I also believe that more resources should be able to reach the Cuban people. So we’re significantly increasing the amount of money that can be sent to Cuba, and removing limits on remittances that support humanitarian projects, the Cuban people, and the emerging Cuban private sector.

I believe that American businesses should not be put at a disadvantage, and that increased commerce is good for Americans and for Cubans. So we will facilitate authorized transactions between the United States and Cuba. U.S. financial institutions will be allowed to open accounts at Cuban financial institutions. And it will be easier for U.S. exporters to sell goods in Cuba.

I believe in the free flow of information. Unfortunately, our sanctions on Cuba have denied Cubans access to technology that has empowered individuals around the globe. So I’ve authorized increased telecommunications connections between the United States and Cuba. Businesses will be able to sell goods that enable Cubans to communicate with the United States and other countries.

These are the steps that I can take as president to change this policy. The embargo that’s been imposed for decades is now codified in legislation. As these changes unfold, I look forward to engaging Congress in an honest and serious debate about lifting the embargo.

Yesterday, I spoke with Raul Castro to finalize Alan Gross’s release and the exchange of prisoners, and to describe how we will move forward. I made clear my strong belief that Cuban society is constrained by restrictions on its citizens. In addition to the return of Alan Gross and the release of our intelligence agent, we welcome Cuba’s decision to release a substantial number of prisoners whose cases were directly raised with the Cuban government by my team. We welcome Cuba’s decision to provide more access to the Internet for its citizens, and to continue increasing engagement with international institutions like the United Nations and the International Committee of the Red Cross that promote universal values.

But I’m under no illusion about the continued barriers to freedom that remain for ordinary Cubans. The United States believes that no Cubans should face harassment or arrest or beatings simply because they’re exercising a universal right to have their voices heard, and we will continue to support civil society there. While Cuba has made reforms to gradually open up its economy, we continue to believe that Cuban workers should be free to form unions, just as their citizens should be free to participate in the political process.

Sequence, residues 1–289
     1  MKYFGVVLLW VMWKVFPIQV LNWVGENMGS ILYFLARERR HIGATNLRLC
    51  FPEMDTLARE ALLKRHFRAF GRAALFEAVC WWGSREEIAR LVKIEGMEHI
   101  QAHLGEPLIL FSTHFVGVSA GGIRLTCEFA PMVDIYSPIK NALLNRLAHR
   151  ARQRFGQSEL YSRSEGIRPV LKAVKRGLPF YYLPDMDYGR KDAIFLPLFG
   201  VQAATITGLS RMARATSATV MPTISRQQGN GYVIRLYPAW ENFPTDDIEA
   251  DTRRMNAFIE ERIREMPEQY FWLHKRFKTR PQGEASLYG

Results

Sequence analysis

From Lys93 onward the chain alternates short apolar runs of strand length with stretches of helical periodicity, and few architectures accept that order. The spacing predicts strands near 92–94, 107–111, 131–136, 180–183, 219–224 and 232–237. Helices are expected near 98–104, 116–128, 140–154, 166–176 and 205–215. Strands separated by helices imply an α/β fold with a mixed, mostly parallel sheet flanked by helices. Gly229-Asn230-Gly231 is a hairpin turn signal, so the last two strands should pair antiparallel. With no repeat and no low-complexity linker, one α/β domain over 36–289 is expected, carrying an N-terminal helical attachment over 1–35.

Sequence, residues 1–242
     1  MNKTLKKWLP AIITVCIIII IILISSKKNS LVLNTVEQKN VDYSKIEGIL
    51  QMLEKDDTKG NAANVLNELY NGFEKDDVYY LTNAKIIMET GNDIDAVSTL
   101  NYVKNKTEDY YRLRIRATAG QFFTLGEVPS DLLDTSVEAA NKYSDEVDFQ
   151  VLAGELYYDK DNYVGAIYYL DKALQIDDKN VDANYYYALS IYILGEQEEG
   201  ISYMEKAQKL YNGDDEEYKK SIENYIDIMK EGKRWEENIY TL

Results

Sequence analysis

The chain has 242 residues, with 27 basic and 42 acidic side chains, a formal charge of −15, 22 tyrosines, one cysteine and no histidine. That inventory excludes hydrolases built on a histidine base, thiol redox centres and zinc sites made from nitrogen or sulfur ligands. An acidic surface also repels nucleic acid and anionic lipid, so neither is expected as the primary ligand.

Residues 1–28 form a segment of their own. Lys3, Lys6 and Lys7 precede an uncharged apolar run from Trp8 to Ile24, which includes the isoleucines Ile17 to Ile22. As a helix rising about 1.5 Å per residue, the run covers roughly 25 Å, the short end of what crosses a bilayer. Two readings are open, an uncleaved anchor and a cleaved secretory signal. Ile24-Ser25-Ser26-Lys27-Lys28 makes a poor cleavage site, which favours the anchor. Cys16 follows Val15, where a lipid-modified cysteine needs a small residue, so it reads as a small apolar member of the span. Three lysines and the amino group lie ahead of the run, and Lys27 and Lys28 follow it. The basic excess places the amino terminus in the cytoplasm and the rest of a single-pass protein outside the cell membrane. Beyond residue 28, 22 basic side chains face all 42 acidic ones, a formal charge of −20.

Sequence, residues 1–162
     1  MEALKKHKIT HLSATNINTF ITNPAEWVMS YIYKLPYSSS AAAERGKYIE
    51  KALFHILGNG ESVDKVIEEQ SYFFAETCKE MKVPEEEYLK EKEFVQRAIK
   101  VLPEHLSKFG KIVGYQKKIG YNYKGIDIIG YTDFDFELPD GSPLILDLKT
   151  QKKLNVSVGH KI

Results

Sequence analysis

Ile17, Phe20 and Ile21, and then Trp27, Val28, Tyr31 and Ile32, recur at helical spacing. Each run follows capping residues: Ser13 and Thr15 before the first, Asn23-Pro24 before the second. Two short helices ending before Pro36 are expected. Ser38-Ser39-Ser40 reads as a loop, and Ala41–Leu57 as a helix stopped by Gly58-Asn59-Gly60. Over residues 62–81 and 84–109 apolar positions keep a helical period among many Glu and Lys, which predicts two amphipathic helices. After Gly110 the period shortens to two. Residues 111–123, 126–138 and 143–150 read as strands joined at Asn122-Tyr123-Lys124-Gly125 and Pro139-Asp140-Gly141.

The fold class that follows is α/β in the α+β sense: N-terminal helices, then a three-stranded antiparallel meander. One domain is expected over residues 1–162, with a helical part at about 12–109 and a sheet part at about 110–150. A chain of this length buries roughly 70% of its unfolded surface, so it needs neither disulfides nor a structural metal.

Moreover, given Cuba’s history, I expect it will continue to pursue foreign policies that will at times be sharply at odds with American interests. I do not expect the changes I am announcing today to bring about a transformation of Cuban society overnight. But I am convinced that through a policy of engagement, we can more effectively stand up for our values and help the Cuban people help themselves as they move into the 21st century.

To those who oppose the steps I’m announcing today, let me say that I respect your passion and share your commitment to liberty and democracy. The question is how we uphold that commitment. I do not believe we can keep doing the same thing for over five decades and expect a different result. Moreover, it does not serve America’s interests, or the Cuban people, to try to push Cuba toward collapse. Even if that worked – and it hasn’t for 50 years – we know from hard-earned experience that countries are more likely to enjoy lasting transformation if their people are not subjected to chaos. We are calling on Cuba to unleash the potential of 11 million Cubans by ending unnecessary restrictions on their political, social, and economic activities. In that spirit, we should not allow U.S. sanctions to add to the burden of Cuban citizens that we seek to help.